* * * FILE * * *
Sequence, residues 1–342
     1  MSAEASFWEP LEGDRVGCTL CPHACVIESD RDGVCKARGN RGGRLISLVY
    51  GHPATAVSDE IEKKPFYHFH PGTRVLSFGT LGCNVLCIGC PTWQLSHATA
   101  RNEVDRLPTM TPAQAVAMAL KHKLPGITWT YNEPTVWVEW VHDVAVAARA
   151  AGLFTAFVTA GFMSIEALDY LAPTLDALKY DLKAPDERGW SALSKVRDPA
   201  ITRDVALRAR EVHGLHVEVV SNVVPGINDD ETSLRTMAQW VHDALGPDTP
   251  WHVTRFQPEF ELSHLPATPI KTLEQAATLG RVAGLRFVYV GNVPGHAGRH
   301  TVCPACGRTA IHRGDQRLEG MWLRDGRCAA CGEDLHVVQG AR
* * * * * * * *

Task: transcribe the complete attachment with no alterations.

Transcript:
Sequence, residues 1–342
     1  MSAEASFWEP LEGDRVGCTL CPHACVIESD RDGVCKARGN RGGRLISLVY
    51  GHPATAVSDE IEKKPFYHFH PGTRVLSFGT LGCNVLCIGC PTWQLSHATA
   101  RNEVDRLPTM TPAQAVAMAL KHKLPGITWT YNEPTVWVEW VHDVAVAARA
   151  AGLFTAFVTA GFMSIEALDY LAPTLDALKY DLKAPDERGW SALSKVRDPA
   201  ITRDVALRAR EVHGLHVEVV SNVVPGINDD ETSLRTMAQW VHDALGPDTP
   251  WHVTRFQPEF ELSHLPATPI KTLEQAATLG RVAGLRFVYV GNVPGHAGRH
   301  TVCPACGRTA IHRGDQRLEG MWLRDGRCAA CGEDLHVVQG AR